I've Moved

For those of you that follow this blog: you should now check in regularly at FieldGulls.com because I will now be leading a team of really great writers over there. I figure I can reach a larger audience and get better support from SBNation than I could get doing everything myself here. Hope to see you over there and make sure and contribute and comment as much as you want, I welcome discussion on everything.

Also, I've taken over the twitter handle Fieldgulls so check me out on the twitterverse.


Thank God it's TGIF

I've taken a few days off from posting but plan on picking it back up again in force next week. I don't have any original content for you today but I'll hook you up with a few good links.

Seattle was one of two teams to attend Montana State's pro day, where they took a look at OL Michael Person. A little bit about the 6'5, 299 lb (likely Guard) player, from his NFL Combine page:
Person is prospect from the FCS ranks with the intangibles, work-ethic and football smarts to become a backup offensive lineman. However, lacks the foot quickness and body control necessary to start or protect the blind side. While he did not allow a sack during his senior year and shows the ability to thwart the bull rush, should have problems dealing with speed rushers. Doesn't play with great pad level or blow defenders off the ball but does a good job getting into position as a run blocker. Consistently recognized for his leadership and effort in college. Person could hear his named called late on Day 3.
Person has the mentality you look for. Capable of anchoring and holding up against the bull rush. Gets off the ball, establishes good initial position, and locks on when run blocking. Takes direct routes to targets at the second level. Has good football IQ and a lot of starting experience.
Lacks bulk for the NFL. Does not possess the athleticism to stick with edge rushers. Hat and hand placement need to improve. Leans and lunges on occasion. Doesn't get much movement off the ball when run blocking. Must adjust to a steep incline in competition level from the FCS level.
A few more visits are expected/have happened:

Tony Pauline reports that the Hawks will work out Boise State (backup) QB Mike Coughlin. He didn't get much playing time in his college career behind Kellen Moore. This does not bode well - but there is precedent for this - Matt Cassel was a backup to Carson Palmer and Matt Leinart his entire college career and has had a measure of success in the NFL.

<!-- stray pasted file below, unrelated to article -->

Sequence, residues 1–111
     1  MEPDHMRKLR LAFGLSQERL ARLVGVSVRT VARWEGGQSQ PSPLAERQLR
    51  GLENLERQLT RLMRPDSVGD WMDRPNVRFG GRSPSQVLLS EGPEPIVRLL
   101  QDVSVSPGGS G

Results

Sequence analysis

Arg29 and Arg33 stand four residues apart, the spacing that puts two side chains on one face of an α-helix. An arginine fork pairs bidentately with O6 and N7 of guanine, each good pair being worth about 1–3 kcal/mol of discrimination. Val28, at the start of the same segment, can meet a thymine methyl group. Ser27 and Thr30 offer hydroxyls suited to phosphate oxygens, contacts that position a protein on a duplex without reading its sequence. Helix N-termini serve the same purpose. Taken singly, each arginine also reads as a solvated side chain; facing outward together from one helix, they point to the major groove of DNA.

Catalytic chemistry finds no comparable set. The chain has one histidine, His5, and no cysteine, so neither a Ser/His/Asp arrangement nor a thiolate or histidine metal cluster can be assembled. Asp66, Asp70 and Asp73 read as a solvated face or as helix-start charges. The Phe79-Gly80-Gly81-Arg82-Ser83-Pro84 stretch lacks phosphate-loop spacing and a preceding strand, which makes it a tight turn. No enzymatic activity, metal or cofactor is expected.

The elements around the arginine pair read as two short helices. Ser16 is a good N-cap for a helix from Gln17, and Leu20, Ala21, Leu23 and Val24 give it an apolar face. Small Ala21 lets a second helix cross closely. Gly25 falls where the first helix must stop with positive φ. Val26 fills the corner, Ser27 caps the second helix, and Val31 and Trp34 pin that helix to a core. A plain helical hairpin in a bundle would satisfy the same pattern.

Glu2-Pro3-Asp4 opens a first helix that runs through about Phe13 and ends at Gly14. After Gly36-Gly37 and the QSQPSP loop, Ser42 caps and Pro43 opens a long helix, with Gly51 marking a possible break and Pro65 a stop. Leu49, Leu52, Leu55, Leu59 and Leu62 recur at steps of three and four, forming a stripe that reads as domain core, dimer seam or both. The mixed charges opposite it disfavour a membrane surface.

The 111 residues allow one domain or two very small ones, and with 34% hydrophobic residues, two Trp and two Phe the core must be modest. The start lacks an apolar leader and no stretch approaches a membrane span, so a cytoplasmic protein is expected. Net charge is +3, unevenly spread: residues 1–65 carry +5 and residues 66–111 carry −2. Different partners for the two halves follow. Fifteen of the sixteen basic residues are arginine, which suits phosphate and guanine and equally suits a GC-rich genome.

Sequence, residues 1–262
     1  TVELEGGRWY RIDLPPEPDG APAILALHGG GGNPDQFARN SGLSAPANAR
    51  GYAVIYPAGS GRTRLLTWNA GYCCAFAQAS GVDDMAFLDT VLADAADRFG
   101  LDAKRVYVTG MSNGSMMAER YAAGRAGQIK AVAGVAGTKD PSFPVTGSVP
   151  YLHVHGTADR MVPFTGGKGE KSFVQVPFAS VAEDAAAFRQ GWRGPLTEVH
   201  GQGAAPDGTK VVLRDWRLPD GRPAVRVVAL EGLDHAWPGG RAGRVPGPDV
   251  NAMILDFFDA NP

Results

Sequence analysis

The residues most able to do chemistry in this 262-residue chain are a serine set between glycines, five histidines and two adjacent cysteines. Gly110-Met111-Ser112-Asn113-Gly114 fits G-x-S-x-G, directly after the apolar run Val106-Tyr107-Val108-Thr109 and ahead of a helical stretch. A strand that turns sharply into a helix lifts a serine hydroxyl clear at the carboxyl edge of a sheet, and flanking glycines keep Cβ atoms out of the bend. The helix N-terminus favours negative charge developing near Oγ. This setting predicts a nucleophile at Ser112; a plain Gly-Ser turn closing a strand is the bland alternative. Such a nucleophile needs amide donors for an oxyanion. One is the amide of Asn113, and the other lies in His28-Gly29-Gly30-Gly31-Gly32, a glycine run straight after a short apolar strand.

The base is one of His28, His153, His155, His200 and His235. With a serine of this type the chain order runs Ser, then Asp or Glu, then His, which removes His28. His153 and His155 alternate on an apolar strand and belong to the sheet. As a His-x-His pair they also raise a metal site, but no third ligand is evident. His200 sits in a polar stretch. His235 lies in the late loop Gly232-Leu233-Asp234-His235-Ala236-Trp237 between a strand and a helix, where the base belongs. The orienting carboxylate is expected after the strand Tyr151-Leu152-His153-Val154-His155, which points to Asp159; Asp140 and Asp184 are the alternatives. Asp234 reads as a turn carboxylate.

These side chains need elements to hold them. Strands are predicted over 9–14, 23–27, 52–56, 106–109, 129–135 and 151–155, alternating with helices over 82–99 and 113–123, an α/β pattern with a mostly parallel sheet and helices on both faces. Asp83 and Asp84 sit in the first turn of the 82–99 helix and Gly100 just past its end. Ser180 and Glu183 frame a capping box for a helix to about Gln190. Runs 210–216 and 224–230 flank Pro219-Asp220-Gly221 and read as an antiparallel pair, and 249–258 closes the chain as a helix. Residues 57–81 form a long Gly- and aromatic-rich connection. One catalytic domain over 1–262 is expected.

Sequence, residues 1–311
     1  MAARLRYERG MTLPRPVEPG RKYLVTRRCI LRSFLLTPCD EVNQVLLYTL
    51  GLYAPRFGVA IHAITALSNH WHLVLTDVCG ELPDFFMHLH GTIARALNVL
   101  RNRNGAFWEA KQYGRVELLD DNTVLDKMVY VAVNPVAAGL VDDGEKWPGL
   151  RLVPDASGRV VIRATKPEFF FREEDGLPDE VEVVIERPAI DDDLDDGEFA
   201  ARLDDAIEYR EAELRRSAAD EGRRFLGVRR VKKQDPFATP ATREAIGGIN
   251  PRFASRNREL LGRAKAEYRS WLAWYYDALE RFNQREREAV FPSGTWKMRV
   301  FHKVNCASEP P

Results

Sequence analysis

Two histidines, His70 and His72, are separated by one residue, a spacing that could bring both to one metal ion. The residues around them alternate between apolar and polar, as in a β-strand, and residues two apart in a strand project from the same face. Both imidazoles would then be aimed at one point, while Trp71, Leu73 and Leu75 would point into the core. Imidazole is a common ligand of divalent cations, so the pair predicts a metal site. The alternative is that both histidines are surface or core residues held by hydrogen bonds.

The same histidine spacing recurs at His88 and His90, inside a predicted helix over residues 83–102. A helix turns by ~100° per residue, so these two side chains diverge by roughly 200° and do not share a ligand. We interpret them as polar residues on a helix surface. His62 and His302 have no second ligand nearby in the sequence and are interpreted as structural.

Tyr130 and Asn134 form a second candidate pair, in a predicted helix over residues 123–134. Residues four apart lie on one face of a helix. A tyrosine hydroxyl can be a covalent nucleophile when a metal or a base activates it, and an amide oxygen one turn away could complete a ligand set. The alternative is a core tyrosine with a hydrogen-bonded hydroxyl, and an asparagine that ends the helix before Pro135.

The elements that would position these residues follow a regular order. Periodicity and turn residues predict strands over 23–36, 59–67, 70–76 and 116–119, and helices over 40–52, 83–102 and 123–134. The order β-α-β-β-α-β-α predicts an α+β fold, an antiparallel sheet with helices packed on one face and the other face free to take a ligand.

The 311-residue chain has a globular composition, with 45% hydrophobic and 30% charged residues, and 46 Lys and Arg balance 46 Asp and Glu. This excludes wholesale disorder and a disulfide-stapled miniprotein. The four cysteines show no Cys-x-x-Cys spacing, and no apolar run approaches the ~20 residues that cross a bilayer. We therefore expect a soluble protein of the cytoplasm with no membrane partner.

Lehigh Guard Will Rackey - The Hawks (Tom Cable according to this article) recently attended the pro day for the probable 3rd round pick. This isn't really new news, but the Hawks most definitely have interest.

More on Rackey from the NFL Combine Page:
Rackley's a small-school tackle who projects well as a guard in the NFL. He's above-average in pass protection and as a run blocker and has the mentality necessary to become a starter. Does a good job against power pass rushers but may have some difficulty against defensive linemen with great agility. Fires off the ball, wins the position battle, and is very capable moving to the second level but does not possess the leg drive to move defenders off the ball. Shows average awareness but will may need some time to adjust to the complexity of the NFL. Rackley's a Day 2 prospect.
Hampton DT Kenrick Ellis.  According to Adam Wright's twitter account, the Hawks worked out the big defensive tackle on Wednesday.  He projects as a probable 5-tech for the Hawks.  Here's what his NFL Combine Page has to say:
Ellis is an intriguing prospect who could develop into a complete starting defensive tackle capable of clogging up the middle, making plays in the backfield off penetration, and collapsing the pocket. Has a pretty rare combination of size and explosiveness. Can be disruptive with his power or quickness. Counters and the screen game can be used to beat him at times. Plays with some fire and has a solid motor. Teams will need to further investigate his dismissal from South Carolina.